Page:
Each hunter tries to set up as closely as possible to whatever food source has been drawing deer.

“I like to set up on the (honey locust or persimmon) trees,” Taylor said.

But that’s not always possible, since many of the trees on the area are small.

“If I’m hunting a certain food source, I try to hunt right over it, but if I can’t I’ll hunt the (game) trail leading to it,” Hughes said. “You just hope there’s a tree you can climb.”

If Hughes finds an active mast-producing oak, he’ll scout for the most-used trails leading to the acorn flat. Often he finds such paths lead to the fields.

“Deer move out of the fields to feed on those overcups,” he said.

In that case, he simply finds the best tree along the trail — again, preferably close to the feed tree — and hangs his stand.

Hughes and Taylor share the preference to hunt at least 20 feet high in climbers, but Taylor said he’s at times had to abandon his stands.

“I’ve hunted on the ground quite a few times,” he said. “Sometimes that’s all you can do.”

The biggest issue at that point is the scent.

“You have to watch the wind a lot,” Hughes said.

During the rut, the hunters change their strategies to allow for the less-predictable movements of deer.

“When a buck is in rut, he’s liable to step out anywhere,” Taylor said. “When they’re in rut, they’re crazy.”

The rut usually begins right around Thanksgiving, which means the gun hunters (both rifle and muzzleloader) have the run of the place during the peak of the season.

Hughes said he begins spending much more time on the ground scouting than sitting in trees.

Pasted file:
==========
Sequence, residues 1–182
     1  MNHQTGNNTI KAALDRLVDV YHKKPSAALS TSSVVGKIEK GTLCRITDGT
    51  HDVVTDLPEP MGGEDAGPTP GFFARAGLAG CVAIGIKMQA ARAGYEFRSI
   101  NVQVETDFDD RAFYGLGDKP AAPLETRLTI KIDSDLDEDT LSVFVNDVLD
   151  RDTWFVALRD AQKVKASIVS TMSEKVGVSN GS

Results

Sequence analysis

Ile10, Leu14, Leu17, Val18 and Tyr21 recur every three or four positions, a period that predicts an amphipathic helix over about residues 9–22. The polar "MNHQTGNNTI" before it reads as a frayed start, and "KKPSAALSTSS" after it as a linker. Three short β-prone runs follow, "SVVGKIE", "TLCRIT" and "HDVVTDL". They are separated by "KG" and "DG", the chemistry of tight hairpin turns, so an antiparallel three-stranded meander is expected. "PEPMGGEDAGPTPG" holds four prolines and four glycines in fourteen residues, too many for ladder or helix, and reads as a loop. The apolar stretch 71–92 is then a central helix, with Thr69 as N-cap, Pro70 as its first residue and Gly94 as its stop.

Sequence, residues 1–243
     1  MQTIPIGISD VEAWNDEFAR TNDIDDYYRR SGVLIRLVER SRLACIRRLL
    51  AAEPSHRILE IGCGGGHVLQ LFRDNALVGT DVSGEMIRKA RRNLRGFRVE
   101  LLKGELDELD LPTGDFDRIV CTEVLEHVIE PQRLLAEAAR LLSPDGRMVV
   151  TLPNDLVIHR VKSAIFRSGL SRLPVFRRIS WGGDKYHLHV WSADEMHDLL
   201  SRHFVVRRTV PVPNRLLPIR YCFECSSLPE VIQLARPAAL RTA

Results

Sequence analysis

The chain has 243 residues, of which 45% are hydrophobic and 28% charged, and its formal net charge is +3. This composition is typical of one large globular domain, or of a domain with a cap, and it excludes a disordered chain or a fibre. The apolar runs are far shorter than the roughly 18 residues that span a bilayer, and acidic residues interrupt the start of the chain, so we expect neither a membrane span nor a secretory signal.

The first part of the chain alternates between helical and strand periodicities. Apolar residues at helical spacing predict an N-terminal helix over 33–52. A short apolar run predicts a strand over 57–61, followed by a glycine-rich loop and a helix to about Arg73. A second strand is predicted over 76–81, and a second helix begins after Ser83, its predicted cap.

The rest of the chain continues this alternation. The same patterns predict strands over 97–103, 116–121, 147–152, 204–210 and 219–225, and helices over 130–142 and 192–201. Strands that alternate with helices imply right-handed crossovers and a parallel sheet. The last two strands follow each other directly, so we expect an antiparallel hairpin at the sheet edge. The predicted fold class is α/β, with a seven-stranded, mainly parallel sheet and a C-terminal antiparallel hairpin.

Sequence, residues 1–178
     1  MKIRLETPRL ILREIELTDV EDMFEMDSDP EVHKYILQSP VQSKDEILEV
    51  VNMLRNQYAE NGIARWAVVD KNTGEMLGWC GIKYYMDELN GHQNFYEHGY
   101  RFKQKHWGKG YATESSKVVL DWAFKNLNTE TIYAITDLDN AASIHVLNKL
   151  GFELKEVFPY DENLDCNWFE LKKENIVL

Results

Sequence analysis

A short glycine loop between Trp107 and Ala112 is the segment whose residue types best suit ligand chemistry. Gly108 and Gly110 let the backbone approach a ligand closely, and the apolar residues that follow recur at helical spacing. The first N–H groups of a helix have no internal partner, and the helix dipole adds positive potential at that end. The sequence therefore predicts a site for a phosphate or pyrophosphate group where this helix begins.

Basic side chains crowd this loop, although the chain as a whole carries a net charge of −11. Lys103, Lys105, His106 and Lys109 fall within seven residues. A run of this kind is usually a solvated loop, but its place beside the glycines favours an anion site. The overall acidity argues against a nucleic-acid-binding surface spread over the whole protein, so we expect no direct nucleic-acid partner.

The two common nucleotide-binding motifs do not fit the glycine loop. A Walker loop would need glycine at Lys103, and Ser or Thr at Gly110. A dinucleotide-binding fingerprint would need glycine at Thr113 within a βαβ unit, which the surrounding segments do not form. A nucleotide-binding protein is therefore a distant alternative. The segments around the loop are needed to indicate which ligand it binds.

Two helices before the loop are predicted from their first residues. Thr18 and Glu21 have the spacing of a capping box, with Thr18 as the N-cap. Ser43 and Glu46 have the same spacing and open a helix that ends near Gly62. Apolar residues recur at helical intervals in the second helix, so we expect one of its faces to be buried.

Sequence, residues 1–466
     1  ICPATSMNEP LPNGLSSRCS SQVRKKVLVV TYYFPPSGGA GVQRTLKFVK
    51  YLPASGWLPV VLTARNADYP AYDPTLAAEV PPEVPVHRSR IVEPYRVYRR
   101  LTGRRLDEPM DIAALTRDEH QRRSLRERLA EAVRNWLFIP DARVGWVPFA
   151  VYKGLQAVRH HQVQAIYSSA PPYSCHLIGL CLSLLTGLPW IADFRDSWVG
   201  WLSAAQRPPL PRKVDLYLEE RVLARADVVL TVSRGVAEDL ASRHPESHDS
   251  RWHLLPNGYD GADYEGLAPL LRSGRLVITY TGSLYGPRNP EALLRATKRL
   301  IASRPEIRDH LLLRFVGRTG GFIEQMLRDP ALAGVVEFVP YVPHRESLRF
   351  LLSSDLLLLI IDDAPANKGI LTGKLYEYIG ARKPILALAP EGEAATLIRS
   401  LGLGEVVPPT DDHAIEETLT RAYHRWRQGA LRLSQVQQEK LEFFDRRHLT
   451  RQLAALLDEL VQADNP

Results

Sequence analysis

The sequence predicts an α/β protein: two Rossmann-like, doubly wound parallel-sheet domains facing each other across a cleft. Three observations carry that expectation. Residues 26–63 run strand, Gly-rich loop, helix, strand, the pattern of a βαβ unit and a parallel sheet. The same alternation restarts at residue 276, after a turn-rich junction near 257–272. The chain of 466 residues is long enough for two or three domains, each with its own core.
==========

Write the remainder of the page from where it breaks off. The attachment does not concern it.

“It’s about 60 percent scouting and 40 percent hunting,” he said.

The reason is simple — he’s trying to stay on top of bucks’ movements.

“I try to stay on fresh tracks, fresh droppings,” Hughes explained. “I move around and stay on fresh stuff.”

He’s also ensuring that bucks haven’t formed new scrape or rub lines.

Taylor said he concentrates less on the heavily used trails and looks for those that have fresh tracks but less traffic.

“They don’t travel the main trails like the does,” he said. “It’ll be a hard trail to tell.

“If I find a dim trail, I’ll know it’s a buck.”

While there are any number of productive areas during the rut, Taylor said one of his favorites is actually adjacent to the campground.

The only problem is catching deer moving around during shooting hours.

“They seem to be nocturnal because it’s so close to the campground,” he said. “I’ll see them right at dark.”

Outside of the gun seasons, when the woods are taken over by those with rifles and muzzleloaders, Hughes said there are only a few squirrel hunters with which to contend.

“There’s not a whole lot of them,” he said. “And they tend to hunt near the trails.”

Hughes and Taylor will sometimes use those small-game hunters to push deer into their laps, but they often will simply hike into the WMA’s interior.

“We walk about a mile,” Hughes said.

Until this season, that meant packing everything in.

“We just put our stands on our backs, and put everything we needed on them,” he said.

But after about seven years of hauling everything on their backs, the Hughes got smart.

“We actually invested in a deer cart,” the younger Hughes chuckled.

Taylor said that access is actually a pretty big problem, particularly for older hunters.

“The new part of the area, Bossier Point, you have to walk about two miles to get to it,” he said.

But Hughes said that, despite the fact that he and his father like to walk a long ways, that’s not necessary to kill deer.

“A person can literally just walk from the main road and see just as many deer as someone who walked a long way,” he said. “I know that contradicts my strategy, but I see and talk to other people who do this and see a lot of deer — even big deer.”

It all comes down to setting up where there are deer.

“If you put in the time, you’ll kill some deer,” Hughes said.

About Andy Crawford 863 Articles
Andy Crawford has spent nearly his entire career writing about and photographing Louisiana’s hunting and fishing community. While he has written for national publications, even spending four years as a senior writer for B.A.S.S., Crawford never strayed far from the pages of Louisiana Sportsman. Learn more about his work at www.AndyCrawford.Photography.